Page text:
IRC meeting summary for 2015-12-03



Main topics

  • BIP68-related pull requests
  • Eviction and onions
  • BIP for opt-in RBF

Short topics/notes

A lot of developers where traveling to the scaling bitcoin conference (videos), so this is again a shorter, and it’ll likely be the same next week (as a lot of developers stay in Hong Kong for the developer meetup after the conference).

Also a reminder to anyone that’s running a full node to update their node to core 11.2 or 10.4, or any other node that supports BIP65 CLTV, to accommodate for the upcoming softfork. Not updating will mean you’ll be trusting miners to produce valid blocks. 85% of miners advertise they support CLTV transactions and the softfork will activate when 95% is reached, currently (time of writing) +/- 30% of nodes is updated.


BIP 68 Consensus-enforced transaction replacement signaled via sequence numbers , and current implementation.
BIP 68 changes the meaning of the previously unused sequence number field to a relative locktime.

meeting comments

There is a pull-request for a small correction in the comments of the code.
There’s been work on optimizing CreateNewBlock (which does what it says). Morcos and sdaftuar are looking at two approaches, one of which will refactor the BIP68 implementation significantly.
As the refactoring would be better done before BIP68 gets merged, it would be good to know which approach is better.

meeting conclusion

Look into the CreateNewBlock optimization approaches.

Eviction and onions


Starting with Tor version it is possible to create hidden services programmatically. Bitcoin will now automatically create a hidden service to listen on if Tor is running.

meeting comments

Localhost peers are never evicted; so as soon as you show up on a hidden service someone can prevent anyone else from connecting to you trivially.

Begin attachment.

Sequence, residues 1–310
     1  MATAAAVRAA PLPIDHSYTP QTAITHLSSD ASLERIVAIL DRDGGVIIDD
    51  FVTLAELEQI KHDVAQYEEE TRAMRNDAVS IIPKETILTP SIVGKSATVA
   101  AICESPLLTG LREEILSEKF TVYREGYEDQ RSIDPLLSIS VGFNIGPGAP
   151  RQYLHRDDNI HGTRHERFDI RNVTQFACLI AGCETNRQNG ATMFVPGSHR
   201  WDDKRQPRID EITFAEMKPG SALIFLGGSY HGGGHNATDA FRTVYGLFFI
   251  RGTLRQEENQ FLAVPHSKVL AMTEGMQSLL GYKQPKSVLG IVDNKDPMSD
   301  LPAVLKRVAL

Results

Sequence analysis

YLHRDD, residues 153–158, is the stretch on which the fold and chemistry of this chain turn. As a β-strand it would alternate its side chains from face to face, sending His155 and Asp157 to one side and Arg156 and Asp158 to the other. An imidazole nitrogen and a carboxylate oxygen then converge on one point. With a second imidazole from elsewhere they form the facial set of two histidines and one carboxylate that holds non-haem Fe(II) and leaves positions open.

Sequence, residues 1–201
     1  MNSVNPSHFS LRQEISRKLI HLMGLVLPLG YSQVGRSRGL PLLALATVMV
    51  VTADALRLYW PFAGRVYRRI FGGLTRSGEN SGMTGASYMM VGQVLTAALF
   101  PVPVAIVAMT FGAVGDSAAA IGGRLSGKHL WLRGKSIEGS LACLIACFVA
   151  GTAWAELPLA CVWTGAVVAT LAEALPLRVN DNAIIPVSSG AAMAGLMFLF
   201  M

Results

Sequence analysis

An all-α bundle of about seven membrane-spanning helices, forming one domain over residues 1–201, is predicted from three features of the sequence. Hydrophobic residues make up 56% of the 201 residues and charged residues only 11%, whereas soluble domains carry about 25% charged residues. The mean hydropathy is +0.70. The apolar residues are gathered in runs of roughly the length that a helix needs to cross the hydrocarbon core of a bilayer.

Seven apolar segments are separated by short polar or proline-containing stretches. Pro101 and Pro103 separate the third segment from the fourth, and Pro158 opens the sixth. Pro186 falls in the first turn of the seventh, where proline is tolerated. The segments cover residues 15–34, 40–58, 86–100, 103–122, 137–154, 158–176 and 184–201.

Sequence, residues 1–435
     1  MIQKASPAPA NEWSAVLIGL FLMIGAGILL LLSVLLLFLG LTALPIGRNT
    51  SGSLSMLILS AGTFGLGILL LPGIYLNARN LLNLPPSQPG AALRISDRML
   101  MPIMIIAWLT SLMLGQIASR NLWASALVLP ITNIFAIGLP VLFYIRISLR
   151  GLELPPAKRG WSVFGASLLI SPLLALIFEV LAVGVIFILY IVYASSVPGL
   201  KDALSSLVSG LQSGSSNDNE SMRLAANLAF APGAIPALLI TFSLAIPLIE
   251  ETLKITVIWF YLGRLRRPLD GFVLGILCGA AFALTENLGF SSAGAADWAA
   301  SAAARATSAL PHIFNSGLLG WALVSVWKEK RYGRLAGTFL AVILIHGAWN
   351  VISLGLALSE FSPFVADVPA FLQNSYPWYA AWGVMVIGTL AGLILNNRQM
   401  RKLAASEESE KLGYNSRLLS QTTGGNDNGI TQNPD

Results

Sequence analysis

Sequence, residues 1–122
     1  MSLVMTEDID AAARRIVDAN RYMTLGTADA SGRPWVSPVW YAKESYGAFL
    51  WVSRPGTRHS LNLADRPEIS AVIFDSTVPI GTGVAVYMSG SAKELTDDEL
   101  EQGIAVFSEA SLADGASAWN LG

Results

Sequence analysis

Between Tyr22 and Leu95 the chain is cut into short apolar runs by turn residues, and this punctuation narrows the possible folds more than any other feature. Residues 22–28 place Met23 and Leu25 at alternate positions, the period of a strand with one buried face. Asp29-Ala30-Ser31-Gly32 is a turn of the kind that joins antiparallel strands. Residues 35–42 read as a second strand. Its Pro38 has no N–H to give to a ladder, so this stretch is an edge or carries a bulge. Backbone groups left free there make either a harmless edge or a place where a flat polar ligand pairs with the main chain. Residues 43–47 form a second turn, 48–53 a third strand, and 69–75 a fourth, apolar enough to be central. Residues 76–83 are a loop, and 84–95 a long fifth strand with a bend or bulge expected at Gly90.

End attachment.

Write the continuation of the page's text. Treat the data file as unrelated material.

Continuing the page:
Pull-request #7082 addresses this problem by using latency to detect actual local peers.
You can also use whitelists to distinguish between real localhost connections and tor localhost connections, but that might break existing software.
wumpus notes we should encourage using the whitelist for special peers in the long term.

meeting conclusion

Take a look at Pull-request #7082

BIP for opt-in RBF


Currently when a node sees a transaction that spends the same output it ignores it. With replace-by-fee it replaces the current transaction in the mempool if it has a higher fee.
This allows for things like spending “stuck” transactions, adding more recipients to a transaction in order to prevent chaining, etc.

Since there are people that accept 0-confirmation transactions and this would make it extremely easy to double spend them, this is made opt-in.
The sender can choose to opt-in to replace-by-fee by changing the nSequence field of all inputs.
This is a mempool policy for the upcoming 0.12 release. There’s a good FAQ-ish post on reddit about it.

meeting comments

Question is if opt-in RBF should have a BIP or not.
It is just policy code, however standardness has been covered before in BIPs.
sdaftuar notes it’s unfortunate that the only documentation for what wallet writers should do is in a single mailing list post.
harding volunteers to write the BIP.

meeting conclusion

harding will write the BIP in coordination with petertodd.


wumpus          Wladimir J. van der Laan  
morcos          Alex Morcos  
btcdrak         btcdrak  
sipa  	        Pieter Wuille  
gmaxwell        Gregory Maxwell  
cfields         Cory Fields   
jonasschnelli  	Jonas Schnelli  
Diablo-D3  	    Patrick McFarland  
sdaftuar        Suhas Daftuar  
harding         David A. Harding  
jcorgan         Johnathan Corgan   

Comic relief

19:26	cfields	sec, i'll like the mail thread  
19:26	sipa	cfields: you'll "like" it, is it on facebook?  
19:27	wumpus	twitter has 'likes' now too :')  


This summary was originally compiled by Stefan Gilis aka “G1lius” and posted to the bitcoin-discuss mailing list with the disclaimer, “Please bear in mind I’m not a developer so some things might be incorrect or plain wrong.” and placed copyright in the Public Domain.